Although President Hayes was not popular with the professional politicians of his own party, and was exposed to bitter attacks on the part of the Democratic opposition on account of the cloud which hung over his election, his conduct of public affairs gave much satisfaction to the people generally.
The Resumption Act of 1875, which provided for the return of specie payments four years later, was largely his work both in inception and in formulation, and his appointment to the head of the Treasury Department by President Hayes in 1877 enabled him to carry the policy embodied in the law to successful execution.
With Grant's successors, Hayes and Garfield, his relations were not cordial; an opponent of civil service reform, he came into conflict with President Hayes over the removal of Chester A.
On the 4th of March 1881 President Hayes retired to his home at Fremont, Ohio.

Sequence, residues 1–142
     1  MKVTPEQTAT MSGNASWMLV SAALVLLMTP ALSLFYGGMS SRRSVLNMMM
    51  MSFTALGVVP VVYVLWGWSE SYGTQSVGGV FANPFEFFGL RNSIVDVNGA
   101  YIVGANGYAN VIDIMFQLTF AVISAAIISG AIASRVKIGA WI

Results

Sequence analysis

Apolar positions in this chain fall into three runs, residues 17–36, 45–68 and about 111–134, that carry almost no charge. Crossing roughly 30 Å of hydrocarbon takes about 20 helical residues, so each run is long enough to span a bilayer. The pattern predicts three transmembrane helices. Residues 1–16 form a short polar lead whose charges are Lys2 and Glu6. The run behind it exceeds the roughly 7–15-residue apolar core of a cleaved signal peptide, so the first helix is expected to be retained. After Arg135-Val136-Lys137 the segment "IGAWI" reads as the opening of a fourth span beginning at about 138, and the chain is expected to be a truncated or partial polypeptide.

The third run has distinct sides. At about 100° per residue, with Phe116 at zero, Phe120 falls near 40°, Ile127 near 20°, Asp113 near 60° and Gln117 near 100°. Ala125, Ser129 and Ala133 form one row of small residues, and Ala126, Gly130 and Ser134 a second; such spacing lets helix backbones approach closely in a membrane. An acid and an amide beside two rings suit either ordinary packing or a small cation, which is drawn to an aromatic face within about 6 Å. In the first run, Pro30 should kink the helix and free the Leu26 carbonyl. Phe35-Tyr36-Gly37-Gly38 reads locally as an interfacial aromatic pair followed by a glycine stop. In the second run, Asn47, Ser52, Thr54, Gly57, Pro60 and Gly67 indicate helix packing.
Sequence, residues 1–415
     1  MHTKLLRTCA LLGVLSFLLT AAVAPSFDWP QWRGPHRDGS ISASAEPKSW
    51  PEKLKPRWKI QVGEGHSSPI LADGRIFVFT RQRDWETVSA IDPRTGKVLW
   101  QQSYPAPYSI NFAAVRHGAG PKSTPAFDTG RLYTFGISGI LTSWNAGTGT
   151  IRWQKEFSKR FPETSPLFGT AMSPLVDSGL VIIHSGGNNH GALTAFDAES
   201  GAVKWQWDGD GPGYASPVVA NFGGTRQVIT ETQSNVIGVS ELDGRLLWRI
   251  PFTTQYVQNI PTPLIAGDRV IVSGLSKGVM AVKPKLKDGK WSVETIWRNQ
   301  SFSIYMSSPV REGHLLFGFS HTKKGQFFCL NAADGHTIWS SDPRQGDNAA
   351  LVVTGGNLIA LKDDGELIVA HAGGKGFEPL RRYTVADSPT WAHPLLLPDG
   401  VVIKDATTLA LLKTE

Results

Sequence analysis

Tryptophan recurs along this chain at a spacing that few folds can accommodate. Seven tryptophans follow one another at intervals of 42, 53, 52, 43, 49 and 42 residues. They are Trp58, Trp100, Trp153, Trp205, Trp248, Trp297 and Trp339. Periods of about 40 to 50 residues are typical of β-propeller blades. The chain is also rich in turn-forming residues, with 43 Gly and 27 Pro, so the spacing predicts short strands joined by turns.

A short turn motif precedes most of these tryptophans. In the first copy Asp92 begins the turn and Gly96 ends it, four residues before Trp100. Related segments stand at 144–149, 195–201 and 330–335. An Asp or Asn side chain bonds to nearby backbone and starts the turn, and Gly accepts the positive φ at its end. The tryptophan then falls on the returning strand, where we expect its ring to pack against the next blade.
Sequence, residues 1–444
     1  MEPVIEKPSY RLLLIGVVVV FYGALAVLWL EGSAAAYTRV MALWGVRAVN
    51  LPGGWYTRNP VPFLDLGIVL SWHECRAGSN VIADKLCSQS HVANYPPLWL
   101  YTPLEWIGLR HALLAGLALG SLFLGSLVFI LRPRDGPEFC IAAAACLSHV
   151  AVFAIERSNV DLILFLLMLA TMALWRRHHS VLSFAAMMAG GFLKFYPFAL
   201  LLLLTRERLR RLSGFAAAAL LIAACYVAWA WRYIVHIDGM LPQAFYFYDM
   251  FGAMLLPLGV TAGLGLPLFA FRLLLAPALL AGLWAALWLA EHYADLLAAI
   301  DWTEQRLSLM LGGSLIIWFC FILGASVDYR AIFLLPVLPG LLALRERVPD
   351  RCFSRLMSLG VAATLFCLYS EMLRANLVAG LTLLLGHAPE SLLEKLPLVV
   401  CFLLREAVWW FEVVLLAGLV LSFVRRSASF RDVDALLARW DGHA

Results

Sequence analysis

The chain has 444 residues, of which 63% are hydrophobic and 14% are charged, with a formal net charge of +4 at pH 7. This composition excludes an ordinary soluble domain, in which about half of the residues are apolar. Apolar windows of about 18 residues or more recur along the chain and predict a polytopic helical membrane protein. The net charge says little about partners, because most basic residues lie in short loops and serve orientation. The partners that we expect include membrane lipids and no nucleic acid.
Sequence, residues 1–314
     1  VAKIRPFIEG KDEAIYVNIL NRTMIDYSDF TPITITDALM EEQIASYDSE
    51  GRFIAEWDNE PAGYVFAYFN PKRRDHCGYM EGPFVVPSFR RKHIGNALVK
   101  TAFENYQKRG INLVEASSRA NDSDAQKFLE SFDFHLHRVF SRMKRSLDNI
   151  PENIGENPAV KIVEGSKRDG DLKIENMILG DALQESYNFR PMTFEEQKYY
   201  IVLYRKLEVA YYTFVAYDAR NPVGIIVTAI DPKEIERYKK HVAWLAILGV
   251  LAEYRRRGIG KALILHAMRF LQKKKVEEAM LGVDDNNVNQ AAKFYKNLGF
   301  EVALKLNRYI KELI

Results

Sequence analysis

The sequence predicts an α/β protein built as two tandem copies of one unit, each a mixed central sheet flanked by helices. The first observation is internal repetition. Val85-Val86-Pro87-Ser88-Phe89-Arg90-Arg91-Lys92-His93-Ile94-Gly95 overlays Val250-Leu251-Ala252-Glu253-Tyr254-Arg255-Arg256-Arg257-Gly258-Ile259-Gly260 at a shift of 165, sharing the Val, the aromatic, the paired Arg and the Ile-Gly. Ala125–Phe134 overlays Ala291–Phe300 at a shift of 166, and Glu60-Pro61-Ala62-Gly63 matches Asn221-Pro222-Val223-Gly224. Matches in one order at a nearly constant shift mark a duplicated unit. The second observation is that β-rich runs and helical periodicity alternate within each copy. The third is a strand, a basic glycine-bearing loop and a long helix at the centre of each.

Civil war being threatened within the state President Hayes sent to Louisiana a commission composed of Wayne McVeagh, Gen.
During his administration President Hayes devoted his efforts mainly to civil service reform, resumption of specie payments and the pacification of the Southern States, recently in rebellion.
In his annual message of the 1st of December 1879 President Hayes urged the suspension of the silver coinage and also the withdrawal of the United States legal tender notes, but Congress failed to act upon the recommendation.
In 1877 Lowell, who had mingled so little in party politics that the sole public office he had held was the nominal one of elector in the Presidential election of 1876, was appointed by President Hayes minister resident at the court of Spain.